Mitt Romney’s trip to Europe and Israel this week highlights a potential weakness of his candidacy. The former Massachusetts governor trails Barack Obama by eight points among registered voters as the candidate best able to handle foreign policy and 12 points as best able to defend against terrorist attacks, according to the Pew Research Center’s most recent survey.

And on both issues, Romney is faring far worse against Obama than did John McCain, who made national security a centerpiece of his campaign.

From Romney’s perspective, it might not seem to be much of a problem running behind Obama on foreign policy. Opinion polls consistently find that foreign policy and national security are far overshadowed by the economy among the nation’s top problems. And it is not as if McCain’s strengths on these issues led him to victory four years ago.

In Pew Research’s March survey, just 7% volunteered any foreign issue – including the war in Afghanistan– as the most important problem facing the nation. In 2004, 41% cited a foreign policy concern as the top national problem and in July 2008, as the economic crisis was deepening, 25% did so.

Yet all presidential challengers need to show that they can handle the duties of commander-in-chief. And in June, Romney trailed Obama by 13 points (50% to 37%) as the candidate better described by the phrase “would use good judgment in a crisis.” The question does not specifically ask about a foreign crisis, although many voters undoubtedly think of it in this context.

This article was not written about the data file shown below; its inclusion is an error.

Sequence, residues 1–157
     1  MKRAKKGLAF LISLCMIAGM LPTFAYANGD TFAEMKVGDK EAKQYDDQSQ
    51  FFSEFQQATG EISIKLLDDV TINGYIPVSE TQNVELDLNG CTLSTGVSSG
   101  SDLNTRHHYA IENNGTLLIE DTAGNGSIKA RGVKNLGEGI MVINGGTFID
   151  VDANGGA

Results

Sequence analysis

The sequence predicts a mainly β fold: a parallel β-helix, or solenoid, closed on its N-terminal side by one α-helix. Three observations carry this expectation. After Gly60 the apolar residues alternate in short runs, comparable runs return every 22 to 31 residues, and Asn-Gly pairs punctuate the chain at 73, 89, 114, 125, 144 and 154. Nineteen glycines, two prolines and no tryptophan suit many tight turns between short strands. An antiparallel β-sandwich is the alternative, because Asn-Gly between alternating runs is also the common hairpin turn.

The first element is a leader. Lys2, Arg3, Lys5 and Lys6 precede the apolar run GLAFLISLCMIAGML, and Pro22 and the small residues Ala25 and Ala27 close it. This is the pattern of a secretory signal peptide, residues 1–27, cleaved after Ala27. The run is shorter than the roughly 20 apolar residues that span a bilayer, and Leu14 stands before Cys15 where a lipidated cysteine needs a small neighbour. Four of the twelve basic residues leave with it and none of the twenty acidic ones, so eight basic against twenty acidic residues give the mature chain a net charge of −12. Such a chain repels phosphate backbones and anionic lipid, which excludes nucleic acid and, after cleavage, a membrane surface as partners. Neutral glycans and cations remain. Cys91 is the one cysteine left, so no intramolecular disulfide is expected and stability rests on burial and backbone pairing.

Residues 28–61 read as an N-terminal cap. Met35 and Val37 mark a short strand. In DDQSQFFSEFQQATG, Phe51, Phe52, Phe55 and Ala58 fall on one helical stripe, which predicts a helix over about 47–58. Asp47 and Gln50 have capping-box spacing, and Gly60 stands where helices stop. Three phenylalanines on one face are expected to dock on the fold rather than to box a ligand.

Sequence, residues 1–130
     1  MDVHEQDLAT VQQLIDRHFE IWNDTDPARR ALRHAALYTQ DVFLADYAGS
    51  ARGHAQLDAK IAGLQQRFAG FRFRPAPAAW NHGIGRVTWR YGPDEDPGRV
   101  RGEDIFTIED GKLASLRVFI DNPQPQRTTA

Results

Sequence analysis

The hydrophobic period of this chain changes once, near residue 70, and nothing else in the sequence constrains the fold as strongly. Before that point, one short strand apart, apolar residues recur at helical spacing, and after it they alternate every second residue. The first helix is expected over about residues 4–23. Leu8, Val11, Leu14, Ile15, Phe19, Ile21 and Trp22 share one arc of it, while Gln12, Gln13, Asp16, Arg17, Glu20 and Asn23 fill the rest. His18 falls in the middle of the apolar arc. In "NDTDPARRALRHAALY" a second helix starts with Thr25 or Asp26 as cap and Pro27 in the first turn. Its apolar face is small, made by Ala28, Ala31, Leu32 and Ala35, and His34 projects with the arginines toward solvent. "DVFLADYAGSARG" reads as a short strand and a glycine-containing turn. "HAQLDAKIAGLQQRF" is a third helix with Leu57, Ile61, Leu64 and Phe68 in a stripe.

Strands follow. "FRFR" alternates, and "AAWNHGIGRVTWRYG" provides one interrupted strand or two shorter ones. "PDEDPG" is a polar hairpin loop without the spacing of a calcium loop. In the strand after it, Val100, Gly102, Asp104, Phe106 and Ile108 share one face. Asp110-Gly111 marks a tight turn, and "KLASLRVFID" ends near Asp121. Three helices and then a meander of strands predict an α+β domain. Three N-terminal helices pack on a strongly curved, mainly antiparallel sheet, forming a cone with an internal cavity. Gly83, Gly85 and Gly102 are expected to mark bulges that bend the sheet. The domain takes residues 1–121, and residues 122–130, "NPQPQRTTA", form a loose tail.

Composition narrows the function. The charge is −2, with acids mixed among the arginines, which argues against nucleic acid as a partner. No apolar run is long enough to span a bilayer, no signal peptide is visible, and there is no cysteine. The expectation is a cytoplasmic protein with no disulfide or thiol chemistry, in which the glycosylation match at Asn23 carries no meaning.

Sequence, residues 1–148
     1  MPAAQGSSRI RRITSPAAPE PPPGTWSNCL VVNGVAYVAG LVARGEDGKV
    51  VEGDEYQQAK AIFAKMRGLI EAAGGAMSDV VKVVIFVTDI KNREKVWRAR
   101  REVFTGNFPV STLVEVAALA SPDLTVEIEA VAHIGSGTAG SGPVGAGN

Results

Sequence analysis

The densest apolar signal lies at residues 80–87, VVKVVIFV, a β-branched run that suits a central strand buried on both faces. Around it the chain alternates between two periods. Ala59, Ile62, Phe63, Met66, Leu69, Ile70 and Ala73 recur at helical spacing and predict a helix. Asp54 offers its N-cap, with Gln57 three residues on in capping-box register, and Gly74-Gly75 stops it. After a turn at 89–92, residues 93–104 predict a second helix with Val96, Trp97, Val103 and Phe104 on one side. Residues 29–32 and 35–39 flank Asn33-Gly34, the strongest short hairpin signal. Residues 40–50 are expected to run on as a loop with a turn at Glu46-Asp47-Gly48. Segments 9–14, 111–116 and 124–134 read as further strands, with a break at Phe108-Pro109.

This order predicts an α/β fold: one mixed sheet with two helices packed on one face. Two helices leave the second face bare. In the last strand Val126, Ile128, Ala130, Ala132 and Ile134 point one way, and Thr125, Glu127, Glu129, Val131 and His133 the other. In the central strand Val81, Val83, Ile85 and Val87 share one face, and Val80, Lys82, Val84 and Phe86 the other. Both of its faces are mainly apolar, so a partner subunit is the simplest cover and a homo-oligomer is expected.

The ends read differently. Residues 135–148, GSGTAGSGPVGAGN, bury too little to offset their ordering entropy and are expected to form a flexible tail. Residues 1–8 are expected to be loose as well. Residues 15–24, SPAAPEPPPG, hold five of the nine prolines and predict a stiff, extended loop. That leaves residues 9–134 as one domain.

In July 2008, McCain led Obama by nine points as the candidate more likely to use good judgment in a crisis. But he subsequently lost that advantage in late September, amid a domestic crisis – the Wall Street financial meltdown.

Obama’s Trip in ’08

In traveling abroad to burnish his foreign policy credentials for voters at home, Romney is taking a page from Obama’s playbook. Obama embarked on his own tour of Europe and the Middle East four years ago this week.

Obama’s trip attracted big crowds and enormous press coverage. During his week-long tour, 51% of all election news coverage was devoted to his trip, making it one of the most heavily covered events in the 2008 campaign. And 62% of the public said they heard about Obama’s trip; at that point in the campaign, the only development that attracted more interest was when Obama captured the Democratic nomination in June.

However, the trip may have done more to raise Obama’s profile than to change opinions about him. Just 15% said they learned a lot about his approach to foreign policy from news coverage of the trip; another 33% said they learned something about his foreign policy views. And in early August, Obama held a slight lead over McCain (46% to 43%), as he had in July prior to his trip (47% to 42%).